Mapping the landscape of international technology diffusion (1994–2017): network analysis of transnational patents
Wei Yang (),
Xiang Yu (),
Ben Zhang () and
Ziyang Huang ()
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Wei Yang: Huazhong University of Science and Technology (HUST)
Xiang Yu: Huazhong University of Science and Technology (HUST)
Ben Zhang: Huazhong University of Science and Technology (HUST)
Ziyang Huang: Huazhong University of Science and Technology (HUST)
The Journal of Technology Transfer, 2021, vol. 46, issue 1, No 6, 138-171
Abstract Global economic integration is driving countries and companies to increasingly pursue internationalized innovation activities. During this process, transnational patents are thought to play a vital role in protecting inventions and innovations abroad. This study investigates the structure of international technology diffusion and its evolution using transnational patent networks (TPNs) during the 1994–2017 period. The analyses are conducted using topological structures, centrality rankings, a three-layer visualization analysis (global, contextual and ego) and a block modeling analysis assisted by measures from social network analysis. The major findings are as follows: (1) TPNs present clear small-world phenomena, and the countries in the networks tend to establish more connections with other countries over time; (2) TPNs exhibit a highly uneven distribution in degree centrality and betweenness centrality, indicating a conspicuous global hierarchical structure of patent-expanding capabilities in various countries; (3) three-layer landscapes of TPNs illustrate the extreme imbalance in the ability of expanding transnational patents between South and North countries; (4) four blocks that play different roles in TPNs are distinguished, i.e., source, broker, beginner and absorber; and (5) 22 countries with high betweenness rankings achieve block-level transitions; among these countries, China and Singapore are highly typical examples. This paper argues that developed countries are actively using the monopoly power granted by transnational patents to shape a new world system. This study concludes with a discussion of policy implications for developing countries.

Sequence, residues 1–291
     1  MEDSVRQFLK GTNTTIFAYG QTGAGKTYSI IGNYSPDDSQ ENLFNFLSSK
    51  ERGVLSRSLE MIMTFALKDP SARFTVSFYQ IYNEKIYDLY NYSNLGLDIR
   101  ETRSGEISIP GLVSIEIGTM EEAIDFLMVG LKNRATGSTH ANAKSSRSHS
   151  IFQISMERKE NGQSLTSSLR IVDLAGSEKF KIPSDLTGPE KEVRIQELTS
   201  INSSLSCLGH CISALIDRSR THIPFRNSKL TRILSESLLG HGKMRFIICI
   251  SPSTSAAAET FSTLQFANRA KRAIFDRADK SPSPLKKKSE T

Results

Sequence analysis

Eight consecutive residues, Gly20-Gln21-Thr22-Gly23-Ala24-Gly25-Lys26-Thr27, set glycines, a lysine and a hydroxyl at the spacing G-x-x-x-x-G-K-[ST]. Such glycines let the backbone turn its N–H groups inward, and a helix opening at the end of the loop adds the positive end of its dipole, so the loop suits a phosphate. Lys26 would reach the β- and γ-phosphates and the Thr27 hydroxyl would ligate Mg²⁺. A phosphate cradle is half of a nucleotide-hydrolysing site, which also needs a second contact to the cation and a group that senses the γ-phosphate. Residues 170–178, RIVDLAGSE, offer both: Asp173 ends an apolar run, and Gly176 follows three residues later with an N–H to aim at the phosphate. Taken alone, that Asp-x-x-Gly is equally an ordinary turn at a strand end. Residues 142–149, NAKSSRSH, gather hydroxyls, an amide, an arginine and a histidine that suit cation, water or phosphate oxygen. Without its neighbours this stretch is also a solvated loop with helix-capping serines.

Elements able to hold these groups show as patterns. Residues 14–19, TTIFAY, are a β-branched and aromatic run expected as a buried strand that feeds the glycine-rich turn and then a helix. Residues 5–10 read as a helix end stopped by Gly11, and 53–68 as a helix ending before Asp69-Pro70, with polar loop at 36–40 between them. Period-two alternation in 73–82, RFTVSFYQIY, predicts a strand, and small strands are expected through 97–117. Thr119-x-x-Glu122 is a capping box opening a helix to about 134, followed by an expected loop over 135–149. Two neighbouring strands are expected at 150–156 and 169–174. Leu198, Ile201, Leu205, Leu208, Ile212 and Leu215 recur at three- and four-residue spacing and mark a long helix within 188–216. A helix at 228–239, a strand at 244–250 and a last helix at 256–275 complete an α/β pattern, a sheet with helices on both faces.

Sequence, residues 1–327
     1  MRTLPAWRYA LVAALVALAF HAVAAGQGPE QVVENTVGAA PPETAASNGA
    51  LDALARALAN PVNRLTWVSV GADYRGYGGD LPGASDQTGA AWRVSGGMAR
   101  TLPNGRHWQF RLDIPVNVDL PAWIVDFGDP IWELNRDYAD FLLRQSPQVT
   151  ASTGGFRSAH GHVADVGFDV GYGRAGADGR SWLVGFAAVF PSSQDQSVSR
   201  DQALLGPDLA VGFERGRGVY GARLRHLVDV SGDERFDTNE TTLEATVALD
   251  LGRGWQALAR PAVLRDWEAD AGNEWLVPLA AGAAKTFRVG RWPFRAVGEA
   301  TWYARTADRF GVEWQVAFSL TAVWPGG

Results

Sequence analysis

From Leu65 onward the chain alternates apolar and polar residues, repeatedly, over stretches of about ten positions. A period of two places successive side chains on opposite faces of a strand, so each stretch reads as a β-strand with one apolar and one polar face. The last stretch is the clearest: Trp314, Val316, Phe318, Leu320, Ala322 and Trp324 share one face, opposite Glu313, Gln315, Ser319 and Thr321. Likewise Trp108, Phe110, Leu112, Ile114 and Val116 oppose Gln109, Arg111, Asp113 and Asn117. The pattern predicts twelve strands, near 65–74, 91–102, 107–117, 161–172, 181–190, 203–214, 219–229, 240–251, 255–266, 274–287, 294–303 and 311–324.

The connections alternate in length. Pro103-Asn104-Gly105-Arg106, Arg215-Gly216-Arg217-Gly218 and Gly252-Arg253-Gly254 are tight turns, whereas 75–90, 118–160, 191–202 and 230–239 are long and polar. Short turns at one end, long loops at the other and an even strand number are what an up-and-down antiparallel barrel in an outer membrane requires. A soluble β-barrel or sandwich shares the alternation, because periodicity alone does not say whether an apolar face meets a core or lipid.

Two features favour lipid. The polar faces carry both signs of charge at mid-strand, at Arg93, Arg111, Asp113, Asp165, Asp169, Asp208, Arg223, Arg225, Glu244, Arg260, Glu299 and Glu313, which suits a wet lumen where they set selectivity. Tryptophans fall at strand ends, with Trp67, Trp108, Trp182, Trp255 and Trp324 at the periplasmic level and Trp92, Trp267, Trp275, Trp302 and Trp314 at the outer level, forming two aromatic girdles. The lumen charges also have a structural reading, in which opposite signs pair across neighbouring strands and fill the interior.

Keywords: International technology diffusion; Transnational patents; Social network analysis; Intellectual property rights; World system (search for similar items in EconPapers)
JEL-codes: N30 O33 O34 R11 R12 (search for similar items in EconPapers)
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